EU toughens stance on non-EU countries taking back citizens denied right to stay
The European Union could use development aid, trade policy and access to visas as “leverage” over non-EU countries that are deemed to be failing to take back their citizens denied the right to stay in Europe, according to a draft communique seen by the Guardian.
The EU’s 27 national leaders could endorse a plan at a summit in Brussels next month to use “all relevant EU policies, instruments and tools, including development, trade and visas as well as opportunities for legal migration” as “leverage” over migrants’ countries of origin.
The draft reflects growing momentum to get tougher with non-EU governments – usually in the Middle East, Africa or Asia – who are deemed unhelpful in taking back their citizens denied the right to stay in Europe. In the first half of 2022, 179,600 people were ordered to leave an EU member state, but only 33,600 returned to their country of origin, a return rate of just 19%.
The EU has long struggled to return people denied the right to stay back to their home countries. Improving the return rate is a top priority for European interior ministers, meeting in Stockholm on Thursday, where they will discuss a proposed sweeping overhaul of the bloc’s asylum and migration policies.
The move to a tougher policy is likely to be welcomed by many EU capitals that have faced a rise in people arriving as irregular migrants via land and sea crossings. In 2022, 159,410 people arrived in Europe via different Mediterranean routes, the highest number since 2017, according to the UN refugee agency. The agency reported that 1,953 people died or went missing that year in their attempt to reach Europe.
But the approach has rung alarm bells for anti-poverty campaigners and is likely to face criticism in the European parliament.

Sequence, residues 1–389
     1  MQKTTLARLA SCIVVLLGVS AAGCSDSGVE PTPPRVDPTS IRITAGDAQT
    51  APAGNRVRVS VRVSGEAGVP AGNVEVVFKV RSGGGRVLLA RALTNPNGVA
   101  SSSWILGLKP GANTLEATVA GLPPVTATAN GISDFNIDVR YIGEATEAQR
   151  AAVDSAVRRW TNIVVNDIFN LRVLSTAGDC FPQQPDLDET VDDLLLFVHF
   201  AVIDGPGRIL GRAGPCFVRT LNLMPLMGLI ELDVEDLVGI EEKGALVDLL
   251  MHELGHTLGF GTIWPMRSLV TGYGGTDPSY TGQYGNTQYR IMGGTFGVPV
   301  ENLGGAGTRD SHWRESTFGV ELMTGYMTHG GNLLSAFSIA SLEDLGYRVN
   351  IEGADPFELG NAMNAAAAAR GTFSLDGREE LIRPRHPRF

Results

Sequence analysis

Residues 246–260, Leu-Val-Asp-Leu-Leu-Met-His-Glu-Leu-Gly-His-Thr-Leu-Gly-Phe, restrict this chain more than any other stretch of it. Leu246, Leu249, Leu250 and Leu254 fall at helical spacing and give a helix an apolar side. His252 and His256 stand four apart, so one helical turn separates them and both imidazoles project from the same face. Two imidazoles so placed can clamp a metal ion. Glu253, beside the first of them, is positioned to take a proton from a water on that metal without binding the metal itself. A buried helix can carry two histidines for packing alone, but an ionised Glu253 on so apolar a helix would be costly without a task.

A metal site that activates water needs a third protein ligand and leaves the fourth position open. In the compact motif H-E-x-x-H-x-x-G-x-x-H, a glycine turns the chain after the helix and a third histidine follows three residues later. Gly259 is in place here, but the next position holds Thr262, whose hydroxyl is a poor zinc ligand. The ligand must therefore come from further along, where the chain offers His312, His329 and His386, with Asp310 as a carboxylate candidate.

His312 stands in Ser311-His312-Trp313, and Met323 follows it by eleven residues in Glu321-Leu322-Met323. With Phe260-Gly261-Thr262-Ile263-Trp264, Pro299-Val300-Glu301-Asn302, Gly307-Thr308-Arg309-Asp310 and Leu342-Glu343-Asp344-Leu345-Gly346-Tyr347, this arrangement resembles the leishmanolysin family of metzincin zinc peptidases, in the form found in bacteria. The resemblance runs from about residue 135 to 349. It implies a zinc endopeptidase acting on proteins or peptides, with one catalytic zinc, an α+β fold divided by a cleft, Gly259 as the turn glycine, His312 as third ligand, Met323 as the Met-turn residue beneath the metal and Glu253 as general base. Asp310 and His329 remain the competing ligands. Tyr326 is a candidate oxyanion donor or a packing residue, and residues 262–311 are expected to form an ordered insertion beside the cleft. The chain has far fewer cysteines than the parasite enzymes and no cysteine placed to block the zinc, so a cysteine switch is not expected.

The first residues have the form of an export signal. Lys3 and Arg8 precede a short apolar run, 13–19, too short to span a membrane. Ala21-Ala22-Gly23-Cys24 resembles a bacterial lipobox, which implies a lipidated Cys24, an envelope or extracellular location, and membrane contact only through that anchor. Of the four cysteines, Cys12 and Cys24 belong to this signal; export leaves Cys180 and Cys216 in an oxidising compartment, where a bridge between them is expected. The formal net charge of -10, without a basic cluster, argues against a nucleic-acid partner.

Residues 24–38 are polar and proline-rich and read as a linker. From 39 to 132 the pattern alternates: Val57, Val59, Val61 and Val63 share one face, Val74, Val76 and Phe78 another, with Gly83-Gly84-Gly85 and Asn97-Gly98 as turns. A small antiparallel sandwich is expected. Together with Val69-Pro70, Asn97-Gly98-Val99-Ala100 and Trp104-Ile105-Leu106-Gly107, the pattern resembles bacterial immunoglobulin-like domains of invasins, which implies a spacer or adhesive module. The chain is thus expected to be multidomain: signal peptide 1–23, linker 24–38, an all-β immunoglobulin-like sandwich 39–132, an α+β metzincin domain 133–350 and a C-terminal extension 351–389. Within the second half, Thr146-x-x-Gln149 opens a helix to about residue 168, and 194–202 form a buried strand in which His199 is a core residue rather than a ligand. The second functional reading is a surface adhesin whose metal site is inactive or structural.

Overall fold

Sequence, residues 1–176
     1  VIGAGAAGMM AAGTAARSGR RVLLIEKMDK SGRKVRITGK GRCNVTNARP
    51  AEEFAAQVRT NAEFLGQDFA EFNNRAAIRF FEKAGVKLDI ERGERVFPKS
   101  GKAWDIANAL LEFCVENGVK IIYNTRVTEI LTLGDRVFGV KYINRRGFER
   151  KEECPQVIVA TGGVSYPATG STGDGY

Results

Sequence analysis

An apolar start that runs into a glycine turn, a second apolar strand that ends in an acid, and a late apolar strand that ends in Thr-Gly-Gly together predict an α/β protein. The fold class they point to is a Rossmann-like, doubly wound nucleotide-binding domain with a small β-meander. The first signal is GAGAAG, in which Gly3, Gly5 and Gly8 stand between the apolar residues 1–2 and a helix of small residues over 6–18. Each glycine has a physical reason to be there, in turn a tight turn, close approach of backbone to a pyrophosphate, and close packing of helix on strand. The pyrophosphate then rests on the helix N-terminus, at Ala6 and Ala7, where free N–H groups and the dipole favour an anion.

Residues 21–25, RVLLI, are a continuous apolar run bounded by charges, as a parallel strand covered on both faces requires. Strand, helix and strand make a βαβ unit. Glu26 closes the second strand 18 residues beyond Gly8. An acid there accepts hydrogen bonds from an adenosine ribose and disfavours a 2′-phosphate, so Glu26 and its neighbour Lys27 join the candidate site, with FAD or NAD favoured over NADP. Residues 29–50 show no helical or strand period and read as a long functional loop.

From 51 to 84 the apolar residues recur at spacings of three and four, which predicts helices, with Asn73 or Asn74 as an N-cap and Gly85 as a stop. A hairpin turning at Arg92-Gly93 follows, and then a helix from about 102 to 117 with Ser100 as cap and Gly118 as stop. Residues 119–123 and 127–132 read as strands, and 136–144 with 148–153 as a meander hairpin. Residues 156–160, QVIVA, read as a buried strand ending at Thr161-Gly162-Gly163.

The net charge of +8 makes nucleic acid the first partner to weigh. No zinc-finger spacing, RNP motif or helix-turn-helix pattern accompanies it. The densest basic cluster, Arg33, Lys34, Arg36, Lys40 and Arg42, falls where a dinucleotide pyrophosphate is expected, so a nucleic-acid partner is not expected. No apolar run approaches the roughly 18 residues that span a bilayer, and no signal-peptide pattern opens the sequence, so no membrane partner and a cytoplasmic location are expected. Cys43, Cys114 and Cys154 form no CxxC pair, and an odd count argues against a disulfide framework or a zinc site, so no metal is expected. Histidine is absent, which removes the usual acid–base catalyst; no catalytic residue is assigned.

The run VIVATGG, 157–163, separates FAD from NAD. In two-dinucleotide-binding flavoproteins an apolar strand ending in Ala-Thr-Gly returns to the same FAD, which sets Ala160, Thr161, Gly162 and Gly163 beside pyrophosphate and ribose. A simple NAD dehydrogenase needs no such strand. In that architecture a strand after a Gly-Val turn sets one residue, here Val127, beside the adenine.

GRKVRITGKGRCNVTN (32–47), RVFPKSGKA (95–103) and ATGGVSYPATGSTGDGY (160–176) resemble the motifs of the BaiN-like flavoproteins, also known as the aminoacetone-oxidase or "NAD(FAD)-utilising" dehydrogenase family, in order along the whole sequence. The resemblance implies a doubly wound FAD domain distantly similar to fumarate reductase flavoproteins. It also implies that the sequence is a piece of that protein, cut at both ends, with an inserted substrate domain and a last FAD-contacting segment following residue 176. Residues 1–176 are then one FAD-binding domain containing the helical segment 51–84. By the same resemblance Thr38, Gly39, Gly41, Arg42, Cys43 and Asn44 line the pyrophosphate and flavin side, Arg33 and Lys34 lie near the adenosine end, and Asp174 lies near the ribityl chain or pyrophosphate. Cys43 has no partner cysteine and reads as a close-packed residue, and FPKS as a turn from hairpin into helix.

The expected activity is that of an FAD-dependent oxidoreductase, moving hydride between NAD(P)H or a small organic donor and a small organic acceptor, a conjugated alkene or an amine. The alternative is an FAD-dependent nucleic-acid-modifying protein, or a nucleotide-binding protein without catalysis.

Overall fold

Evelien van Roemburg, head of Oxfam’s EU office, said the approach failed “to put human rights first, as it treats people as pawns in EU trade negotiations and development policy”.
She went on: “The EU’s obsessive focus on externalising their migration responsibilities is not in line with their continued statements of equal partnership with non-EU countries. Instead, the EU bullies them into meeting their narrow-minded political objectives.”
“Aid is meant to assist people to get out of poverty not to stop migration.”
The EU is the world’s largest donor of development aid and the leaked paper does not spell out how such funds could be linked to compliance with its returns objectives.
The Netherlands, a destination country for many who arrive in Italy or Greece, this week called on the European Commission to come up with proposals to use trade, visas, development policy, as well as test out legal ways for people to come to Europe for a temporary period, to decrease irregular migration and promote returns.
Sweden, which took more refugees per capita than any other EU member state during the migration crisis of 2015, is also calling for a similar approach when it comes to people denied the right to remain. “Haven’t we come to a time where we need to use both the carrots and the sticks a bit more efficiently than we have so far,” Sweden’s EU ambassador, Lars Danielsson, said to reporters earlier this month, as his country began a six-month stint chairing the EU council’s rotating presidency.
“The carrots are always easier,” Danielsson said citing assistance programmes to non-EU countries. “But we also need to look more carefully … at our sticks,” he added referring to the generalised scheme of preferences, an EU policy that reduces or removes duties on a wide range of imports from low and middle income countries. The GPS, covering more than 70 countries in Africa, Asia and the Middle East, has been described by the Commission as a policy that alleviates poverty and creates jobs.
The ambassador said no conclusions had been taken, but “we need to put everything on the table”.
Pressure will also be applied closer to home. According to the draft summit conclusions, EU leaders will urge neighbouring countries to align with the bloc on visa policy. This reflects anger towards Serbia over its absence of visa requirements for many countries, making it easier for irregular migrants to travel to the EU via the Balkan state.
Dutch lawmakers from across the political spectrum last year described Serbia as “a hub for illegal migration”. Serbia, a candidate to join the EU, now requires visas for more countries, but diplomats believe it should go much further in aligning with the union.